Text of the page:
Safeguard Equipment is the industry leader in developing, designing, and manufacturing state-of-the-art personal voltage and current detectors (PVCDs) that protect line workers, electricians, telecom workers, and others. PVCDs can protect workers from the dangers of working around and with energized lines and equipment. They create the first line of defense, alerting workers to the presence of energized lines.

Safeguard Equipment’s newest product, the COMPASS Pro emergency response solution, goes further. In addition to voltage and current detection, the COMPASS Pro now detects specific types of injury events that commonly occur when working around electricity. Specifically, the COMPASS Pro can now detect falls, head impacts, man-down, and arc flashes. 

In developing these additional utilities, Safeguard Equipment researched the injuries that are most likely to occur to workers who use PVCDs that need emergency medical attention. Here we will discuss the risks these workers face from arc flashes. 

What Happens When There is an Arc Fault?

According to the Bureau of Labor Statistics, arc fault incidents occur five to ten times daily and injure around 1,000 electrical workers annually.

Technically, two events can result from an arc fault explosion: an arc flash and an arc blast. An arc flash refers to the heat and light that results from the explosion. An arc blast is a pressure wave created by an explosion.

An arc fault explosion occurs if an electrical current passes through ionized air. It is commonly the result of an unintentional or accidental event when an energized conductor, such as a wire, comes into contact with another conductor or a grounded surface. It can happen when someone drops a metal tool that comes into contact with two conductors when there is faulty equipment or wiring, when wires or connections are corroded, or when equipment fails. Electrical current can energize condensation or dust or move across the air to something close. The resultant explosion can ionize the surrounding air and create an extremely loud, bright, and hot plasma arc. 

An example of a small arc fault explosion is when an incandescent lightbulb burns out. When the filament breaks (usually from just being worn out), there is an instantaneous bright flash as the electricity arcs in the air within the bulb. There is a popping sound, as well.

But a severe arc fault explosion from electrical equipment occurs on a much larger scale. In the worst case, when arc fault incidents involve high-voltage electrical equipment, temperatures can reach 35,000 degrees Fahrenheit – about four times hotter than the sun’s surface. The arc flash can reach 1 million lux or 100 times brighter than looking at the sun. The sound of the explosion may be around 140 decibels, similar to a gun being discharged near your head. The flash may last only a millisecond, but even that instantaneous blast can cause severe burns, blindness (or other eye damage), and hearing loss. The heat is so intense that it can vaporize metal; further injury can result from inhaling gasses and vaporized metal. It can result in serious long-term health issues for workers who survive an arc fault explosion.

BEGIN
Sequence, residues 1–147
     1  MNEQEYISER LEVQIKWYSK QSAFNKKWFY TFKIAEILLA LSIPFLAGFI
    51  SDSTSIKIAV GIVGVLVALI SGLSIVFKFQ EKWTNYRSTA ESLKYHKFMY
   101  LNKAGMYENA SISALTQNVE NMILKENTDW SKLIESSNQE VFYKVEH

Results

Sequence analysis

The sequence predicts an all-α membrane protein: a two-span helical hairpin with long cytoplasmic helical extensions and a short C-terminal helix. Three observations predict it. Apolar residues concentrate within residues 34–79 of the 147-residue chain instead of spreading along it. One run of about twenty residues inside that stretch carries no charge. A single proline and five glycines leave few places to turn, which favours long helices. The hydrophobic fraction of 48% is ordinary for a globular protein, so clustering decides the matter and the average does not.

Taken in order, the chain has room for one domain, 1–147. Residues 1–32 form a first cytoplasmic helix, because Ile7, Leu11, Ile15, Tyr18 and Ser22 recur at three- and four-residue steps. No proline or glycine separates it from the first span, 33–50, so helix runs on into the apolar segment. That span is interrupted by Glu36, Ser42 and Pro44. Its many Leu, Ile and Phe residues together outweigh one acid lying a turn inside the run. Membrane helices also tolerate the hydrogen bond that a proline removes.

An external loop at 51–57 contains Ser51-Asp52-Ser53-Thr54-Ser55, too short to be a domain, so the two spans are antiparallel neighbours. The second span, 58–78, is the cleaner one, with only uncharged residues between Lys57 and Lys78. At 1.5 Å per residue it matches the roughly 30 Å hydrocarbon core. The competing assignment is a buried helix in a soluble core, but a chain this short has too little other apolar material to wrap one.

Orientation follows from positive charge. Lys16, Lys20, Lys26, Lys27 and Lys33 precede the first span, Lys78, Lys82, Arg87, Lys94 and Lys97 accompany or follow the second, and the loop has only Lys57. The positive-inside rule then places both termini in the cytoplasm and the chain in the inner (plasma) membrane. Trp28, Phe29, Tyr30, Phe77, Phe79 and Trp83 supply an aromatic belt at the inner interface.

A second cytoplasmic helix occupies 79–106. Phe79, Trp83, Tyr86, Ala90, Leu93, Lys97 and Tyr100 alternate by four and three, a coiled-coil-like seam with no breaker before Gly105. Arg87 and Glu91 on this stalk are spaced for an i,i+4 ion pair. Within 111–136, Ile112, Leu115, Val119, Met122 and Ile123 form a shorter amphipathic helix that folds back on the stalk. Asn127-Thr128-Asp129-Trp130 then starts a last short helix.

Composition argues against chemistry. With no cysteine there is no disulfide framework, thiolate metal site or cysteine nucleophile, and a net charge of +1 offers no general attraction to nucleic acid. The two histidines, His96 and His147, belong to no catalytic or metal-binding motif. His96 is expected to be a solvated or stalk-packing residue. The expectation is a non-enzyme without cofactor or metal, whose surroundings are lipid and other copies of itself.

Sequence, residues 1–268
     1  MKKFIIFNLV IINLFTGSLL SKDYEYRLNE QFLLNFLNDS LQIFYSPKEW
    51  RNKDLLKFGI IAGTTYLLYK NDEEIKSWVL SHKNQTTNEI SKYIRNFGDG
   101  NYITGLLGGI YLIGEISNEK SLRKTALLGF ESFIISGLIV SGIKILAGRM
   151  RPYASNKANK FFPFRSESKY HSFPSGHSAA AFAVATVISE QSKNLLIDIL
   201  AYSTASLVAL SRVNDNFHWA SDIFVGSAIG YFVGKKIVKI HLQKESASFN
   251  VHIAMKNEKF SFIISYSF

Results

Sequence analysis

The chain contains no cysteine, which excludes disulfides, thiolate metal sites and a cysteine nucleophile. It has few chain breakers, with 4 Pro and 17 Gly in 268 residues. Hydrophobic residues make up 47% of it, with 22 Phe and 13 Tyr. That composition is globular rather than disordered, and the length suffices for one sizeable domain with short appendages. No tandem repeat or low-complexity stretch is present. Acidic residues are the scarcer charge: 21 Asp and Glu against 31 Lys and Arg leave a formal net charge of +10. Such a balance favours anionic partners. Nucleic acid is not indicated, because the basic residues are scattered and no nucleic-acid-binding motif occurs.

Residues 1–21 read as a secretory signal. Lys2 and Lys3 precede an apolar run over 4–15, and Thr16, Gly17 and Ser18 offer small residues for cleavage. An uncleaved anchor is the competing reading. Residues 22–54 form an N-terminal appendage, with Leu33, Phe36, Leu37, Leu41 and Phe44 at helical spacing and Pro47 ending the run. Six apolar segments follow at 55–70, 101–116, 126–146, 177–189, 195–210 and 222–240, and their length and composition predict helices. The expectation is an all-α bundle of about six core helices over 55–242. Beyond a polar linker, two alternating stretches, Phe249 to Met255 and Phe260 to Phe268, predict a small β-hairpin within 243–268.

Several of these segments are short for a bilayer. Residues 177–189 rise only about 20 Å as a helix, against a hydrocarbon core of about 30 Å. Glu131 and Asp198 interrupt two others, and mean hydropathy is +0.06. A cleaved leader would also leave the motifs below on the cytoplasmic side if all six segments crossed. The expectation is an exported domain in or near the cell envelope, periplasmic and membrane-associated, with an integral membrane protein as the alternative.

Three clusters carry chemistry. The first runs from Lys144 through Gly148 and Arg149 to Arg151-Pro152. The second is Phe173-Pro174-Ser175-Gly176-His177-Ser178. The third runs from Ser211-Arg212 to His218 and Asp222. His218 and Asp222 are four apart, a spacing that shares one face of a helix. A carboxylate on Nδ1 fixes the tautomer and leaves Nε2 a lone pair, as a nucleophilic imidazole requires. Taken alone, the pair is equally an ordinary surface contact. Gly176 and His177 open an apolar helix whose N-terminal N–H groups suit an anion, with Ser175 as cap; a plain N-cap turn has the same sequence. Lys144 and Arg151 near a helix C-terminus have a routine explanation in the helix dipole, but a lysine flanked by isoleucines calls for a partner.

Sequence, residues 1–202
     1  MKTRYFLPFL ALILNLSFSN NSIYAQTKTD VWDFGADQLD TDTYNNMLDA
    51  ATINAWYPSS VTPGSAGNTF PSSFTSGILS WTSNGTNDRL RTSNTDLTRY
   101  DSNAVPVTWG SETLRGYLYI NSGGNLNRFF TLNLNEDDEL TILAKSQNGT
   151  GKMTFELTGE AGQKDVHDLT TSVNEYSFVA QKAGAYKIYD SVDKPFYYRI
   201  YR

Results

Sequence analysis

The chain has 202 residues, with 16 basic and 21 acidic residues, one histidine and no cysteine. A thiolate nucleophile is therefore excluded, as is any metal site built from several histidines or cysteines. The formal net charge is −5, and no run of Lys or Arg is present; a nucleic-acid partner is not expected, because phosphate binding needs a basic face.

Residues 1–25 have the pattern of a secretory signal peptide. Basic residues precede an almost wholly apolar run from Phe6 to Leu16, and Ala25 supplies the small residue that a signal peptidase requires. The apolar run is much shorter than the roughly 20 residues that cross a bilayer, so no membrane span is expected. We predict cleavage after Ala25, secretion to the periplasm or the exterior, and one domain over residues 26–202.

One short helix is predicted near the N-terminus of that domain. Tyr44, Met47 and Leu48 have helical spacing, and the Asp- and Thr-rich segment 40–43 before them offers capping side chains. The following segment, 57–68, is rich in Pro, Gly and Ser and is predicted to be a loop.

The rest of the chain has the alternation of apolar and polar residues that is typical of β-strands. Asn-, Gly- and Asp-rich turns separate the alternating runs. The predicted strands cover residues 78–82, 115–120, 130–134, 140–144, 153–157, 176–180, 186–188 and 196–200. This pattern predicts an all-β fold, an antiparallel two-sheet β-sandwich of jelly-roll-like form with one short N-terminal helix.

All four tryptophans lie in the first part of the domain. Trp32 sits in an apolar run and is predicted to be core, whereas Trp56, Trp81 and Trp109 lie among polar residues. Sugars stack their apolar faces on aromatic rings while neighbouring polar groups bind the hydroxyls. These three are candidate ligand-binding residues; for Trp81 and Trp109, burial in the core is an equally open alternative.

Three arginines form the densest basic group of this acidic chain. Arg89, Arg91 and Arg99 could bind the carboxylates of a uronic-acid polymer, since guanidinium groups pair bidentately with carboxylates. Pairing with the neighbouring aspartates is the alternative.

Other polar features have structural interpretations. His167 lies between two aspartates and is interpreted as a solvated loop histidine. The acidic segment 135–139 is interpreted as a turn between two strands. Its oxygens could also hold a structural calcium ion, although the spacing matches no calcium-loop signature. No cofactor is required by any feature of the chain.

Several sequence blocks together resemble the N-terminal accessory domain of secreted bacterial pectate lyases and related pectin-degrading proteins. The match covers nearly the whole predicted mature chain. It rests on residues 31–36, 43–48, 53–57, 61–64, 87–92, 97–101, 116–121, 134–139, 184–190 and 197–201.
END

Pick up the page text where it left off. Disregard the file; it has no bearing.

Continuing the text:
The explosion can also cause a pressure wave called an arc blast. When materials like metal vaporize, their volume expands rapidly. For example, vaporized copper expands to 67,000 times its solid volume. The rapid expansion of gasses due to the heat can destroy surrounding equipment, scattering super-heated shrapnel into the immediate area, and injuring or killing people up to 20 feet away.

While the right PPE can prevent burns, gas inhalation, and sight and hearing damage, PPE usually cannot protect personnel from an arc blast. Hot shrapnel will easily penetrate most protective clothing when traveling at that speed.

Arc Flash Detection From COMPASS Pro

Arc fault explosions are a hazard that all electrical workers face, which is why numerous regulations govern the proper configuration of electrical equipment. These include wire sheathing, non-conductive shrouds for connections, and so on. The correct implementation of safety regulations, extensive worker training, implementation of industry best practices, and use of PPE go a long way toward preventing arc faults from occurring. Given the danger involved, prevention is critical to worker safety. Yet, arc fault accidents still happen.

The dangers of working with electricity can only partially be eliminated. Even with the best prevention, accidents still happen; it is natural for people to make occasional mistakes, and equipment eventually breaks down or wears out. This is why Safeguard Equipment’s most recent product, the COMPASS Pro, combines its preventative voltage and current detection utilities with additional utilities designed to assist with an emergency response when accidents occur.

In particular, the new COMPASS Pro hardware detection unit has an arc flash sensor. The sensor detects only those light wavelengths that would occur from an arc flash, which is extremely bright. As soon as the unit detects an arc flash, the paired Safeguard Equipment app, installed on the user’s phone, begins a 60-second countdown timer. If the user does not cancel the timer, the App will automatically send an alert to an in-house emergency response team. The team can initiate the company’s safety response protocol, including summoning 911 services. This automated communications channel means an injured worker can get immediate help, even if that works or nearby workers are unable to initiate a call.

For a demonstration of the COMPASS Pro emergency response solution or to learn more about any of Safeguard Equipment’s PVCDs, contact Safeguard Equipment today.

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